Thursday, March 12, 2009


Stories. I've written and told lots of them.

I've covered court cases. I remember an agri-businesses which wanted to set up a huge feedlot (cattle station/livestock farm) a few miles upwind from a town of several thousand. People took the business to court, claiming the stink of the feedlot would fill the town. They won. Some years later (I understand) another feedlot was successful, in spite of the town's concerns. I'm also told that, may summer days, the smell is so strong you can't have a barbecue (barbie/cookout) in town, because of the overpowering odor.

I've been at train wrecks, with toxic chemical spills. I've sat through a lot of long, tedious, boring town and city council meetings. I've covered "mock" disasters -- emergency preparedness exercises. I've seem a "little guy" beat the tax man in court; it can be done. I've seen high school students, from good homes, convicted for vandalizing a church. I've written stories on budgets, on government programs (remember the phrase: "I'm from the government, I'm here to help you"?), on farmers attempts to get just and meaningful farm policies put into place, or keep them once they're established. I've been on the lines when a farm family was putting up a fight to try to save its farm (i.e., business and home) from a banker.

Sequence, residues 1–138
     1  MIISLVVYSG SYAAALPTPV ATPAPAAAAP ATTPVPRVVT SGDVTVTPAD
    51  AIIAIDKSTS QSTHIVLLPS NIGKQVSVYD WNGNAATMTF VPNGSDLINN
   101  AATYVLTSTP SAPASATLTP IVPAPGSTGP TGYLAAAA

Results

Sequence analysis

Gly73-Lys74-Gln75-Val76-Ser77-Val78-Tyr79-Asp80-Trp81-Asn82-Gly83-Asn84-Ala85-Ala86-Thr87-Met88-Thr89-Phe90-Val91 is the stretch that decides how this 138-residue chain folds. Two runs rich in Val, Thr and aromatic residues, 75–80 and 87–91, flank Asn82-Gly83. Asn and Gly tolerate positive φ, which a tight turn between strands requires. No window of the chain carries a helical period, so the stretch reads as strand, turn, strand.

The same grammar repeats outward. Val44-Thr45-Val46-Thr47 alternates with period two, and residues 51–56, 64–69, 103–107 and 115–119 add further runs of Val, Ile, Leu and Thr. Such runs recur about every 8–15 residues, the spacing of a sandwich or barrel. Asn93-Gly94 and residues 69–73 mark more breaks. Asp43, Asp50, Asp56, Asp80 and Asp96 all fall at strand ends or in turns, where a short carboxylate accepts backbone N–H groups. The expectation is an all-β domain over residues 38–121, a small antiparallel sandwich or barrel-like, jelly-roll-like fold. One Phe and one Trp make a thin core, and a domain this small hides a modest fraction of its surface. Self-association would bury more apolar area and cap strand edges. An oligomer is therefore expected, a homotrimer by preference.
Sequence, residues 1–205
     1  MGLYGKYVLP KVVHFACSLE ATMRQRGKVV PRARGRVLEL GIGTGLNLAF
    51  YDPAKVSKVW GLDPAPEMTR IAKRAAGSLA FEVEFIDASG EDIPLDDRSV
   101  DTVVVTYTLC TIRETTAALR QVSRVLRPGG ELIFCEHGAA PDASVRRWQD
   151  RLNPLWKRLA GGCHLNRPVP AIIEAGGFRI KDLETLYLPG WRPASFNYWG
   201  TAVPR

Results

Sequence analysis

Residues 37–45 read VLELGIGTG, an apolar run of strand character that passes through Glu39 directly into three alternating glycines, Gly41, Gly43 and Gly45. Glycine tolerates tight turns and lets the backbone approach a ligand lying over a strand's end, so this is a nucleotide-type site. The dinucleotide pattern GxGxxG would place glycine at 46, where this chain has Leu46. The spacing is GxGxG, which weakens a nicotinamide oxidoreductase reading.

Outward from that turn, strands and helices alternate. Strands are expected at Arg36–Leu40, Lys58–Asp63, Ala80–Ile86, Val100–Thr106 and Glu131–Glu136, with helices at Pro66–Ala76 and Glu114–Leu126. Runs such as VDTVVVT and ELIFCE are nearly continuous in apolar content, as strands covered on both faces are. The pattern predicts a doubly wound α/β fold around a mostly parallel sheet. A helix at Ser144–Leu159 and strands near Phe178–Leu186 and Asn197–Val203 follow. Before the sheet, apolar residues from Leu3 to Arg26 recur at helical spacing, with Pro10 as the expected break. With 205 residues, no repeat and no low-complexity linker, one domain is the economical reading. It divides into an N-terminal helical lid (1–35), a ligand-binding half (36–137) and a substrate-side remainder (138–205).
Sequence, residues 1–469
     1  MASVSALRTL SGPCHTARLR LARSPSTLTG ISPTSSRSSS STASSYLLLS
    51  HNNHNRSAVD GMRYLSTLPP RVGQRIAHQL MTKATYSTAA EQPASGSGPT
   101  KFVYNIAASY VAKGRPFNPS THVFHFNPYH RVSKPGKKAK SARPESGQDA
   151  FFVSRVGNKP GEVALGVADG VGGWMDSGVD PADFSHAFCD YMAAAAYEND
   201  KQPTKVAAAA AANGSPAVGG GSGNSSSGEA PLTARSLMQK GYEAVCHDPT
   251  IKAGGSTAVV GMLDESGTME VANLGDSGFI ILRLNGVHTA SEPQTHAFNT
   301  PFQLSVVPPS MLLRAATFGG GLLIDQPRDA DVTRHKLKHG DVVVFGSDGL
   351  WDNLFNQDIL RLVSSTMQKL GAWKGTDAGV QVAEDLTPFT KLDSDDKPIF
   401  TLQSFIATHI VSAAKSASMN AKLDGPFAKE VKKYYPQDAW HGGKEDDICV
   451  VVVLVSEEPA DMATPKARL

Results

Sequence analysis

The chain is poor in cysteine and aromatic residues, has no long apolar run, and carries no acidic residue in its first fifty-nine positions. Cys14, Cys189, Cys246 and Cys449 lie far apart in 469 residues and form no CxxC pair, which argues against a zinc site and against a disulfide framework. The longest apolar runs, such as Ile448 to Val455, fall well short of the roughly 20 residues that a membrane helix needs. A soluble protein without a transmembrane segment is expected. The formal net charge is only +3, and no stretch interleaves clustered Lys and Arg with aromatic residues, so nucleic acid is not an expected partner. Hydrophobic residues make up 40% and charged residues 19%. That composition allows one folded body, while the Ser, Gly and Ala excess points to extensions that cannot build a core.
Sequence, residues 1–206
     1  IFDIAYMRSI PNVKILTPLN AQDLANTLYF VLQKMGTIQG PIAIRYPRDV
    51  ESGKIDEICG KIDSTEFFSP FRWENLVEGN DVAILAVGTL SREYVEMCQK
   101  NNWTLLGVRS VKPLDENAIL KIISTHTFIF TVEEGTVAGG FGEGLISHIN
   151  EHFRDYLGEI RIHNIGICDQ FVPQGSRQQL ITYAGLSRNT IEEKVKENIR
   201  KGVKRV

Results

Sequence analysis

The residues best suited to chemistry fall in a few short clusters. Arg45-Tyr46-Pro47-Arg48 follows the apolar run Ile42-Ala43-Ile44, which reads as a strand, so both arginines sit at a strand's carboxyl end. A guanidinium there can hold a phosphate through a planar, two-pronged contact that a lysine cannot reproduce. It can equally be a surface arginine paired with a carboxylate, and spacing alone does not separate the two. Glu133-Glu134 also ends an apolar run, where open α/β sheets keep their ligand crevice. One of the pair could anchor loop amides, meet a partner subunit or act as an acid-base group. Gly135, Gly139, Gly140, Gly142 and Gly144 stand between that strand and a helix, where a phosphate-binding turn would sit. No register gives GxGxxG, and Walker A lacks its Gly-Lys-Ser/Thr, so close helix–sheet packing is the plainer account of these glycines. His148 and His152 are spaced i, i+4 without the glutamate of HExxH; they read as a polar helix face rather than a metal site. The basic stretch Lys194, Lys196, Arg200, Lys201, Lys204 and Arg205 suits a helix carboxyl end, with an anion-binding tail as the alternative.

They're stories of joy, possibility, hope, fear, success, frustration, justice and real injustice.

For a journalist, there are five basic questions: who, what, when, where, and why. The "why" question is always an ethical question -- a question of meaning, purpose, goal, intention. It's a question of how we are going to treat each other, the world, or both. It was an easy step to move from the ethical questions of a journalist to the ethical questions of the medical ethicist (as well as the who, what, where, and when).

"And," to quote the late Paul Harvey, "now you know the rest of the story."


The Blog Fodder said...

When Hugh Nicholson built the U of S research feedlot back in the very early 1960's, the good people of Saskatoon, across the river complained bitterly about the smell. This was several months before there were any cattle in it.

Rob-bear said...

Well, you have to remember the feedlot is north of the University, but on the east side of the river. The prevailing wind is from the north-west. Who's going to have problems -- the people in the hamlet of Sutherland?

Natalie said...

No, we don't. There is plenty we don't know about your everyday adventures, Rob.

Bring it on!

Lee said...

It must be a fascinating position to be in at times.